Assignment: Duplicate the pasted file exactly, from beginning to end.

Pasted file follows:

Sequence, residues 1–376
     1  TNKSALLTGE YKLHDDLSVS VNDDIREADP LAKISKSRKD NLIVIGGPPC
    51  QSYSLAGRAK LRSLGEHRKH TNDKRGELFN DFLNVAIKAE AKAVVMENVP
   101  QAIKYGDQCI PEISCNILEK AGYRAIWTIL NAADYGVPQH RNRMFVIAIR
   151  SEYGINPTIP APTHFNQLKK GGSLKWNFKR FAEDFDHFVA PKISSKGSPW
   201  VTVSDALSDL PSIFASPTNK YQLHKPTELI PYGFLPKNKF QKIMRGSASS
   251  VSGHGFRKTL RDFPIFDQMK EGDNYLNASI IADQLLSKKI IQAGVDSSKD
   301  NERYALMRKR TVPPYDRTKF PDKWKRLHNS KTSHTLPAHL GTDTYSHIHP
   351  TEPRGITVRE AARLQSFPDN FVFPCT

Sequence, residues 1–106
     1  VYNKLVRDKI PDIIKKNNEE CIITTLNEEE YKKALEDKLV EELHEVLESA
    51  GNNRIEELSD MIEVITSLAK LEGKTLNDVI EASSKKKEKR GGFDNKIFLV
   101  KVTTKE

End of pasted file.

Sequence, residues 1–376
     1  TNKSALLTGE YKLHDDLSVS VNDDIREADP LAKISKSRKD NLIVIGGPPC
    51  QSYSLAGRAK LRSLGEHRKH TNDKRGELFN DFLNVAIKAE AKAVVMENVP
   101  QAIKYGDQCI PEISCNILEK AGYRAIWTIL NAADYGVPQH RNRMFVIAIR
   151  SEYGINPTIP APTHFNQLKK GGSLKWNFKR FAEDFDHFVA PKISSKGSPW
   201  VTVSDALSDL PSIFASPTNK YQLHKPTELI PYGFLPKNKF QKIMRGSASS
   251  VSGHGFRKTL RDFPIFDQMK EGDNYLNASI IADQLLSKKI IQAGVDSSKD
   301  NERYALMRKR TVPPYDRTKF PDKWKRLHNS KTSHTLPAHL GTDTYSHIHP
   351  TEPRGITVRE AARLQSFPDN FVFPCT

Sequence, residues 1–106
     1  VYNKLVRDKI PDIIKKNNEE CIITTLNEEE YKKALEDKLV EELHEVLESA
    51  GNNRIEELSD MIEVITSLAK LEGKTLNDVI EASSKKKEKR GGFDNKIFLV
   101  KVTTKE